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Study Verifies Women Perform Higher on “Eyes Test”

— January 27, 2023

Women are more apt to accurately read the emotions of others than their male counterparts.

In a new study conducted with 300,000 people in 57 different countries, evidence suggests that females perform better in the Eyes Test and have higher amounts of empathy towards other people.  This Eyes Test had been previously created to understand the mental states of people by asking participants to pick out words to describe how another person is thinking or feeling based primarily on a photo.

In the current study, the following questions were posed: Is there an age-related and sex-related Eyes Test score difference? And, if so, are those differences consistent across nations? Other factors, including cognitive and socioeconomic factors were also taken into consideration. 

Previous research sought to use the Eyes test to study similar theories. However, each of the prior studies had been conducted on small samples that didn’t have much diversity. Participants were relatively close in geography, age, and culture. With these limitations, it was hard to apply the results to a larger population.

Study Verifies Women Perform Higher on "Eyes Test"
Photo by Andrea Piacquadio from Pexels

In previous studies, females, on average, also performed higher on the Eyes Test than their male counterparts. The aim of this study was to observe whether the results from the previous Eyes Tests still hold true for a larger sample of diverse participants, thus making the results more reliable.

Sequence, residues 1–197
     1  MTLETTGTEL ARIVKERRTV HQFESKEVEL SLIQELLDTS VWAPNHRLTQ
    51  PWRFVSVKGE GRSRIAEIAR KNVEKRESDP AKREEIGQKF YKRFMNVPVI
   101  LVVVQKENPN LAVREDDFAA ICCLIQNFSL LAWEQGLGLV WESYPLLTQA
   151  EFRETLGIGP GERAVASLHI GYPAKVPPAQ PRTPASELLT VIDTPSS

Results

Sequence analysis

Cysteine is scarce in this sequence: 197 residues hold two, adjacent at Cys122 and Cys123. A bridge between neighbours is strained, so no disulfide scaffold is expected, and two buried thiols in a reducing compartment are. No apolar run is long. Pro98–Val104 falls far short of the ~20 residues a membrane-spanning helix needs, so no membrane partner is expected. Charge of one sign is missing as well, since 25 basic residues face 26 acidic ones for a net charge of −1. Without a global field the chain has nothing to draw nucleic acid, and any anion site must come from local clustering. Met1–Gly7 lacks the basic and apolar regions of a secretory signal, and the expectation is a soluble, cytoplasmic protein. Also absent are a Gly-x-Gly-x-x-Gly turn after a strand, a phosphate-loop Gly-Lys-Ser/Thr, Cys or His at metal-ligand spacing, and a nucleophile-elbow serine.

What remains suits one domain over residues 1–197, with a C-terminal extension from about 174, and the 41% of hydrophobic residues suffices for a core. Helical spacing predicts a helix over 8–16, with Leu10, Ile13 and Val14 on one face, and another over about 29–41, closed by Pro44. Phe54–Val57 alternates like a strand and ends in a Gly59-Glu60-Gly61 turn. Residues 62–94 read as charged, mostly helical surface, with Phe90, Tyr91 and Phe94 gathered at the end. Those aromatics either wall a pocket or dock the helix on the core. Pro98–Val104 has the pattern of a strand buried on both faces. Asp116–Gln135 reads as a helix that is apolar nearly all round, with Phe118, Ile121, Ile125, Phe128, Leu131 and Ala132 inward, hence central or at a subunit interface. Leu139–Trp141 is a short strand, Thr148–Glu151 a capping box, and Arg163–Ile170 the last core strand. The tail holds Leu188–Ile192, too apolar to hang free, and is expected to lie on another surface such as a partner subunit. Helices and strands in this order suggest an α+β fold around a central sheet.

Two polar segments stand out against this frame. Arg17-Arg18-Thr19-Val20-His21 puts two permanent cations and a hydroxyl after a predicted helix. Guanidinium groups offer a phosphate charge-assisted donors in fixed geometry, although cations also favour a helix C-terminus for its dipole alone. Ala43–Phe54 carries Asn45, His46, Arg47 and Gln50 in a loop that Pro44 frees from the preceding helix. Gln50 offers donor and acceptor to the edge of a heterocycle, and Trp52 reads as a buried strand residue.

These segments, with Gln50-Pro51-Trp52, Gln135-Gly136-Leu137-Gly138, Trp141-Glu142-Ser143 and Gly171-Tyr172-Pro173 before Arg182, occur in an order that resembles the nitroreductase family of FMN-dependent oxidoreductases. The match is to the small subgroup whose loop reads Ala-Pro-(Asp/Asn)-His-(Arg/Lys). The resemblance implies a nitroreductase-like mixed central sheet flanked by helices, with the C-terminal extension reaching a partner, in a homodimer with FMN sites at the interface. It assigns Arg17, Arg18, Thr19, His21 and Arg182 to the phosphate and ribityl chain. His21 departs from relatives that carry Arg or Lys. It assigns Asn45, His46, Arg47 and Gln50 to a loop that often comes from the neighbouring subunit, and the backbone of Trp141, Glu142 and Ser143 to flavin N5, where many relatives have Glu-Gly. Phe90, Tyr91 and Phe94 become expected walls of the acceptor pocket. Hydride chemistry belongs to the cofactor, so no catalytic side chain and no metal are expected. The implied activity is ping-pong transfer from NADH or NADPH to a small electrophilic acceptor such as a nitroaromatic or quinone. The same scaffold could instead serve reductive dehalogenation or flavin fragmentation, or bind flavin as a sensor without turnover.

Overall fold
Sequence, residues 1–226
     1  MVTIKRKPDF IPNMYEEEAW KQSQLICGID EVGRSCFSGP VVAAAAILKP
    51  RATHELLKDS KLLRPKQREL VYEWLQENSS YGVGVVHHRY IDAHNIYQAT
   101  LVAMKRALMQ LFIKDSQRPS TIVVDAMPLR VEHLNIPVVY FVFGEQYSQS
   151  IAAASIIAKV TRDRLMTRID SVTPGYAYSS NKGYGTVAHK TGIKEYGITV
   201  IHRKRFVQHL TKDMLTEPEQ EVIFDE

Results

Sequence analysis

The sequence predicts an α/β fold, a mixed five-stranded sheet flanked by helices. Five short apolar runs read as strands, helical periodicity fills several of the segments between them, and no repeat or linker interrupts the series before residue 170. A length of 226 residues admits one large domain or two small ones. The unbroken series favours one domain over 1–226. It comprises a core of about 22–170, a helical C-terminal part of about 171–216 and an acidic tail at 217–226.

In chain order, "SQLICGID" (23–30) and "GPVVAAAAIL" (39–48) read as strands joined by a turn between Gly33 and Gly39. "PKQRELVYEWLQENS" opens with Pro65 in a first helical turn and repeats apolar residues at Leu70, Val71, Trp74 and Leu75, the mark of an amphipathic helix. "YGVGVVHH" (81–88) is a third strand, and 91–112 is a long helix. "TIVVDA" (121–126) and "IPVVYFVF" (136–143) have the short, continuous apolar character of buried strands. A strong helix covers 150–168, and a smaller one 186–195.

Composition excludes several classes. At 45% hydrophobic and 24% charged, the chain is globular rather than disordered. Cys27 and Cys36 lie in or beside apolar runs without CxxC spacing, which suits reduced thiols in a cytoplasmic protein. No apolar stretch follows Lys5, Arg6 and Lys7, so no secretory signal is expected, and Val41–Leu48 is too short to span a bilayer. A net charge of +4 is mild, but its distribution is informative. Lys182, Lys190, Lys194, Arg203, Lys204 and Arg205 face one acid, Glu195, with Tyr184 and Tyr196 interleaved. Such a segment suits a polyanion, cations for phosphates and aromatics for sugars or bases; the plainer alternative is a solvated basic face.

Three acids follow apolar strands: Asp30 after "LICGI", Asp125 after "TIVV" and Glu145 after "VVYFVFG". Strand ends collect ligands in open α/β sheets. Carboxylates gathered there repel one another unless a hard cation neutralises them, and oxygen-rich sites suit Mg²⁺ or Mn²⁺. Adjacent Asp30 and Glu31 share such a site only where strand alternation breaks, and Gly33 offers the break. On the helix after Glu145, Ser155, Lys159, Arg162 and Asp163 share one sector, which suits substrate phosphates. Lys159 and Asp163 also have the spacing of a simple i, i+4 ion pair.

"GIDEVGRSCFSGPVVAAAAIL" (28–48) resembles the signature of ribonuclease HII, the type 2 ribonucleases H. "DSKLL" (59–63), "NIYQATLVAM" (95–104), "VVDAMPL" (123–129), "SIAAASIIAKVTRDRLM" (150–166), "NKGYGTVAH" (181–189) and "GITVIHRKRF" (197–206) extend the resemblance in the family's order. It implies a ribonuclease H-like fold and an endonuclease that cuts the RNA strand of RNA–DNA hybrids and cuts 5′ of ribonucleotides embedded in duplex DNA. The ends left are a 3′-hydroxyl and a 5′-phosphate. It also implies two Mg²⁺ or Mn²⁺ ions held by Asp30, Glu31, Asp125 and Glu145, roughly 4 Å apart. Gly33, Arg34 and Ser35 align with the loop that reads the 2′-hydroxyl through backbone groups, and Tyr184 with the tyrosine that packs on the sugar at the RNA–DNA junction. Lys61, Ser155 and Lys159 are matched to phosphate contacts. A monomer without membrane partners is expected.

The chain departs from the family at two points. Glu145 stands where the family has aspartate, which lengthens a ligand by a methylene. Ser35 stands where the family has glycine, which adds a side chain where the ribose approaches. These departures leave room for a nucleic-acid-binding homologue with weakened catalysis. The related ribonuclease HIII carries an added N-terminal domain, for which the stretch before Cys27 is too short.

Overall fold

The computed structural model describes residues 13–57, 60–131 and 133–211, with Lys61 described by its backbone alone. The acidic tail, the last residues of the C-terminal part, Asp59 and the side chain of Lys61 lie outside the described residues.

Across 57 countries, it was found that females scored higher than males in 36 of those countries. In the remaining 21 countries, females scored similarly to males. There were not any countries where males scored significantly higher than females. Overall, 48% of the participants were women and 62% of the participants were United States residents. The age range of participants was 16 to 70., and 16 of the tested countries used non-English testing, where 12 out of the 16 countries showed a female on-average advantage in the scoring despite all extraneous variables being considered.

In the female group, there were the highest scores among ages 16 through 20. In the male group, ages 16 through 21 showed the highest Eyes Test scores. 

The female on-average advantage has been found through several different versions of the Eyes Test and has now been supported across countries and diverse groups. There were no instances of any male group scoring significantly higher than the female group.

It is suggested that females have this advantage due to both biological and social factors. For example, the female population is raised to be nurturing and caring to best support the raising of children and developing meaningful relationships. 

Biological studies of females have shown that they have an enhanced ability to perceive small details such as color differences or facial expressions. This can be correlated to the biological need of being able to tell what is safe or what is not safe.  The results of the large study have also shown that many people struggle with telling facial differences, in general. This observation was found in both the male and female sample groups and may warrant further investigation.


Study finds an On-Average Higher Female Performance on the Theory of Mind “Eyes Test”

Females on average perform better than males on a ‘theory of mind’ test across 57 countries, new study suggests

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